Be Aware of CBD
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Cannabidiol (CBD) is pitched as a trendy, non-intoxicating cure-all for common maladies like insomnia, anxiety, and pain. Consumers who see CBD available at 7-Elevens and CVS Pharmacies may conclude that CBD is now totally legal, safe, and effective. House Small Business Committee Chair Nydia Velázquez (D-NY) and many other members of Congress recognize the potential of the market, pushing for Latino representation in the billion-dollar industry. However, Latino consumers and business owners need to be aware of CBD’s still-wobbly regulatory status and health claims before diving in.
CBD is derived from industrial hemp, a cannabis crop which Congress legalized in December 2018. Farmers may grow the crop if intoxicating THC chemicals stay under a federal threshold. CBD is by far the most popular hemp product. However, legalization is still in progress.
Little data exists on appropriate dosing and long-term health impacts, quality and purity standards are non-existent, and there is no standardized labelling for CBD products. For these reasons, the U.S. Food and Drug Administration (FDA) bans CBD in most pharmaceuticals, as well as food or beverages, dietary supplements, and other consumables. That’s one reason many retailers exclusively offer CBD-infused topicals, which don’t require FDA approval to be sold. The FDA and the Federal Trade Commission (FTC) have also punished companies making unproven claims about CBD’s health benefits. Congress has asked the FDA to issue guidance to the industry and speed the development of safe and effective CBD products, but the FDA needs time to scrutinize health data.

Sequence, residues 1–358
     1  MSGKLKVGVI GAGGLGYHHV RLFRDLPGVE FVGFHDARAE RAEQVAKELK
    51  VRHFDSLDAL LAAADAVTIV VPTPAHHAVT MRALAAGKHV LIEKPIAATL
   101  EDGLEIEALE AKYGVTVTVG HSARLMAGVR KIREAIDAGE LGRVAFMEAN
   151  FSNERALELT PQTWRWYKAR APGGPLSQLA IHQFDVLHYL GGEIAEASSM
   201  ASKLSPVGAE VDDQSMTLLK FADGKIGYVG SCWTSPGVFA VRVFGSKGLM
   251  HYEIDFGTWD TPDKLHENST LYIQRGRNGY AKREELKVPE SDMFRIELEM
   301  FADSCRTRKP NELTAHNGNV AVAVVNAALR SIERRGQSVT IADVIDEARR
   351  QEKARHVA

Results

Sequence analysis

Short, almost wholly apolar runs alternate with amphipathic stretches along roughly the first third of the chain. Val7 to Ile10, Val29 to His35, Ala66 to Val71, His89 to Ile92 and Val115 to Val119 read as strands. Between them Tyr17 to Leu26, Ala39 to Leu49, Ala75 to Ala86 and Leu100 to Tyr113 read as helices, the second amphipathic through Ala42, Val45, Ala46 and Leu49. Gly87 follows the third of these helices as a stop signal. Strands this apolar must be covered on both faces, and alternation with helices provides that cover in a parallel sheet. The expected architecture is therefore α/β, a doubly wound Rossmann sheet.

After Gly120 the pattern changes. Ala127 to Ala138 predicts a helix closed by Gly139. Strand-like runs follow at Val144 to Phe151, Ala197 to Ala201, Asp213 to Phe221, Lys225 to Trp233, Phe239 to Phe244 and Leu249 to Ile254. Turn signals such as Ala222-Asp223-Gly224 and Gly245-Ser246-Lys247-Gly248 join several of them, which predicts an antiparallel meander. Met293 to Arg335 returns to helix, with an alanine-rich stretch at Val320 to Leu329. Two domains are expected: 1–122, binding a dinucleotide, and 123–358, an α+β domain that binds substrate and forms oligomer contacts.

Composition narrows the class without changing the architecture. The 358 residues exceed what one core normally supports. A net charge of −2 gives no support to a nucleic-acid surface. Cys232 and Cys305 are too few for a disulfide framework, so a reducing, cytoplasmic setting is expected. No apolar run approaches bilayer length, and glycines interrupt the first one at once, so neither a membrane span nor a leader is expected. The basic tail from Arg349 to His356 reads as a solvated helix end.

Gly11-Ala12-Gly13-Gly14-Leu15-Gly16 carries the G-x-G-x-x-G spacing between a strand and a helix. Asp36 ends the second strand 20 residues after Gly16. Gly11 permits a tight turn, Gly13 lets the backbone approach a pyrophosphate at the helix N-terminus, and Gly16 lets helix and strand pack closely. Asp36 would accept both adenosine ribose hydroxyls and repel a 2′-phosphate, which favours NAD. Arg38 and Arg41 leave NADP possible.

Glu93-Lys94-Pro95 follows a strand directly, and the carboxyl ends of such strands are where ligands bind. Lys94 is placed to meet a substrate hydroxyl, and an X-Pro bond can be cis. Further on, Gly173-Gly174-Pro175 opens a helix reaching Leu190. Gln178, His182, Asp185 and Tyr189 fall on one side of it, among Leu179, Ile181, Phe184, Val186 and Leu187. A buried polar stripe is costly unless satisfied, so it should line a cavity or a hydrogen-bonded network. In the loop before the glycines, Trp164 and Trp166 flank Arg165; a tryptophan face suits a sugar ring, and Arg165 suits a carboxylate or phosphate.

Still more federal agencies oversee the business of hemp and CBD. The U.S. Department of Treasury Financial Crimes Enforcement Network (FinCEN) can still flag banks, landlords, insurers, and other ancillary businesses working with legal hemp and cannabis-based businesses for crimes like money laundering. Congress has attempted to address this with the Secure and Fair Enforcement (SAFE) Banking Act, which would shield these ancillary businesses from FinCEN penalties for working with otherwise-legal hemp and cannabis businesses. The SAFE Banking Act passed the House this September, but awaits further consideration in the Senate.
State and local laws add another layer of complication. Many states ban all types of cannabis without distinguishing for hemp, while Florida and others are issuing their own CBD labeling and purity rules. Similarly, local police nationwide struggle to distinguish legalized hemp products from marijuana, exposing legal hemp and CBD retailers to criminal charges. Again, Congress has tried to address federal/state clashes in bills like the Strengthening the Tenth Amendment Through Entrusting States (STATES) Act, which would prevent federal authorities from penalizing hemp and cannabis-based businesses and partners that abide by relevant state laws. However, the split is unlikely to be settled for years to come.
So, what should Latino consumers and businesses do in the evolving CBD market to protect themselves and their businesses? First, be aware that almost any CBD product you find is likely not FDA-approved to be safe or effective. Businesses must avoid making any therapeutic claims about CBD products without significant research backing those claims – the FDA is cracking down on irresponsible claims. Business owners must examine not only federal but also state and local laws before entering the CBD or hemp business. Plan to err on the more restrictive side of these laws, and maintain meticulous records on the origin, content, sale, and marketing of any CBD products. Businesses should also be aware that ancillary businesses like banks, insurers, landlords, and logistics companies may not do business with dealers and producers of legalized hemp and CBD due to the uncertain regulatory environment.
Finally, seek out attorneys and representatives well-versed in the evolving regulatory landscape, stay informed of new policy developments, and consider joining a trade association representing hemp and cannabis-based businesses to lend your voice in the call for updated, science-based, and business-friendly regulations.
Lucia Alonzo is Chief of Staff at Ferox Strategies, a boutique government relations firm in Washington DC. She is a former Senate staffer and native of Kansas City, Missouri.